SPARTANBURG — The Panthers had a short and uneventful practice Tuesday afternoon.
It should not be either of those things the next two days.
Having a light day Tuesday was mainly a chance to get out of the rain and ready for what should be another physical set of joint practices.
After last week's work with the Colts, the Panthers are welcoming the Ravens to Wofford College for the next two days, for what Panthers head coach Matt Rhule anticipates being another challenge.
It's also a very different one, as the Ravens walk in with a completely different kind of quarterback and run game with Lamar Jackson, and a different defensive alignment (the Ravens are a 3-4 base with a different array of pressures to give quarterback Sam Darnold a new look), and a veteran coach who has implemented a particular style over the years.
"You're talking about elite defenses, but different styles of defenses," Rhule said. "You're talking about completely different styles of offenses, but at the core, two really good teams, two playoff teams. I think for us, you look at John Harbaugh; he always has great special teams so that's good for our special teams to work against. Their run game and physicality is going to be great for our defense to work against. And their defense is going to be great for our offense to work against. I think for Sam, all the different blitz packages and things he's going to see are going to be difficult.
"I really don't care if we have a great day tomorrow or not a great day tomorrow in terms of seeing things. I just want us to see things. I want us to have a great day in terms of effort and physicality and toughness and all those things. I want us to be challenged."
— Of course, the Ravens have had their own challenges this summer, with some of their top players either just coming back from layoffs or missing time.
Jackson had a long break early, missing the first 10 days of camp after testing positive for COVID-19 for a second time.
Cornerback Marlon Humphrey, one of the best in the game, left practice early Tuesday with what was reported as a mild strain, and didn't finish practice.
They've also recently lost rookie wide receiver Rashod Bateman. The first-rounder had groin surgery, and it's unclear if he'll be ready for the regular-season opener. The Ravens have had a hard time keeping receivers available this offseason, as Marquise Brown, Miles Boykin, and Deon Cain have also missed significant practice time. Sammy Watkins is still there, but they remain thin at what has been a problematic position for them in recent years.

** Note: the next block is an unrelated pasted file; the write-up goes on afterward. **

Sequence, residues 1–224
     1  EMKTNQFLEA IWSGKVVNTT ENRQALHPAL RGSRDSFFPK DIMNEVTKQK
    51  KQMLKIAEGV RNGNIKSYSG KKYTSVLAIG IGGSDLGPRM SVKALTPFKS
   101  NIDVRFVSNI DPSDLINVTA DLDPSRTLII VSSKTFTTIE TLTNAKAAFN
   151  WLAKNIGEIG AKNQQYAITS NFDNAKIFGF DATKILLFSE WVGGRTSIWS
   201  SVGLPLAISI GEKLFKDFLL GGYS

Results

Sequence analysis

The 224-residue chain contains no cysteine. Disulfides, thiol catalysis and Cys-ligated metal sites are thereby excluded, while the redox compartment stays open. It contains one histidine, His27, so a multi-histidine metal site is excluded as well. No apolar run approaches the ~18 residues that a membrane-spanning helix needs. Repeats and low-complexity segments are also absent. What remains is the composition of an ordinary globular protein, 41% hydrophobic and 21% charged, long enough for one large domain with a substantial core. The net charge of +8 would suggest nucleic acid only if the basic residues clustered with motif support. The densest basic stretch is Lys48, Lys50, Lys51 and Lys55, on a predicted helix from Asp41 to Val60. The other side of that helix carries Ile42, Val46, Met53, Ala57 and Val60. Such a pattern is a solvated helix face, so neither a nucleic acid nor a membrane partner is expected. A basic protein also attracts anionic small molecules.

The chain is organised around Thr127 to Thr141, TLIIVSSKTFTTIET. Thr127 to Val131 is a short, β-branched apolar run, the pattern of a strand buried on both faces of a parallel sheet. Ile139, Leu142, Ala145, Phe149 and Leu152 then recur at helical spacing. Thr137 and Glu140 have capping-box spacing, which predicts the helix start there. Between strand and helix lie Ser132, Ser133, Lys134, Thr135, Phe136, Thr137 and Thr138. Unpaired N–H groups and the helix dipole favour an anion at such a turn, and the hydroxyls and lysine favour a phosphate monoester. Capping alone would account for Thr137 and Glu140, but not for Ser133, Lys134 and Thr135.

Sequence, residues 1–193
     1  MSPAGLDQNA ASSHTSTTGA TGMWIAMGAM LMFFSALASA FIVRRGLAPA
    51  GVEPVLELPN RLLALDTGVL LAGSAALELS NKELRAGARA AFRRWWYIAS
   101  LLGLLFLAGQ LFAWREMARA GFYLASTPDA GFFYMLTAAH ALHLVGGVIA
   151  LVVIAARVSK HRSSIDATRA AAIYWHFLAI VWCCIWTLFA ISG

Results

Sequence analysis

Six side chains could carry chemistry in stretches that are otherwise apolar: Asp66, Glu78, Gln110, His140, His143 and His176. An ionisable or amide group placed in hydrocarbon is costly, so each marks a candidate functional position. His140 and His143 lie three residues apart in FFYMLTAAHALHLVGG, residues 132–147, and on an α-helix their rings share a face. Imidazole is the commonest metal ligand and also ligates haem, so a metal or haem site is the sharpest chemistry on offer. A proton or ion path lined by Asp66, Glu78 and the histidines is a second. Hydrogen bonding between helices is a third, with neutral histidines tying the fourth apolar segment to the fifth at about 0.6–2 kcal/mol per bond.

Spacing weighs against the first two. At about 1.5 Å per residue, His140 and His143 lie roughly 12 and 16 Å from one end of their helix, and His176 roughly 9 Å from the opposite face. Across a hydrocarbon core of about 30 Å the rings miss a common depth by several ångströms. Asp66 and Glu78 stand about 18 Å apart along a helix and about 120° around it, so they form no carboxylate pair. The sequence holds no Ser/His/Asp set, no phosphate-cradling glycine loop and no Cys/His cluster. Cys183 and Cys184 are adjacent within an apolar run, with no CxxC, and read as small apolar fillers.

— Ravens backup quarterback Trace McSorley's going to miss the rest of the preseason, after throwing out his back lifting a box.
I have never had more in common with an NFL quarterback.
That leaves Tyler Huntley, a former undrafted rookie from Utah, as the backup to Jackson for the next few days. He ran for a touchdown late in Saturday's win over the Ravens. That was their 18th straight preseason win, as they haven't lost an exhibition game since 2015. So obviously, history is on the line.
— Since Tuesday's session was so casual (it was mainly a walk-through), there wasn't a lot to point out from the practice itself, beyond attendance.
Offensive lineman Dennis Daley was back after being excused last week. Safety Myles Hartsfield was also back on the field after a brief injury absence.
Running backs Reggie Bonnafon and Rodney Smith were held out, along with cornerback A.J. Bouye, linebacker Denzel Perryman, and defensive lineman Caraun Reid.
Wide receiver Keith Kirkwood was up to the green jersey of limited players, the closest he's been to participation since suffering a concussion on Aug. 3, the first day in pads.
— The Panthers made six roster moves Tuesday, getting them to 84, or one below the limit. They traded tackle Greg Little to the Dolphins for a seventh-round pick in 2022, placed cornerback Troy Pride Jr. on injured reserve after he tore his ACL in Sunday's game against the Colts, released veteran fullback Rod Smith and waived-injured offensive linemen Mike Panasiuk and Matt Kaskey and linebacker Nate Hall.
— Rhule was asked about dealing Little, a 2019 second-round pick, for a nearly negligible return.
He said that a number of teams had inquired about Little, and he thought a change of scenery might be good for the 23-year-old. (That's also fairly similar to what they said when they traded for a former Jets first-round quarterback in March.)
"It just never really quite worked out," Rhule said. "I always believe guys are going to continue to improve and get better and he was doing that, he was working. Just figured this was the best move for us, let him go somewhere they needed him."
— Rhule also had the quote of the day, acknowledging the still-unsettled nature of his offensive line. He's still confident in the normal starting five (which includes Cameron Erving at left tackle and Taylor Moton on the right), but understands it's still very much in flux.
"We feel good about our starting five, and two or three more guys there we feel good about," he said. "But we're a work in progress. We're like I-85 on the way down here — we're under construction. We've got some work to do."
Hopefully they get it smoothed out sooner than I-85, which has seemingly been under construction since the Panthers started coming here in 1995.
View photos from Tuesday's walk-through training camp practice at Wofford.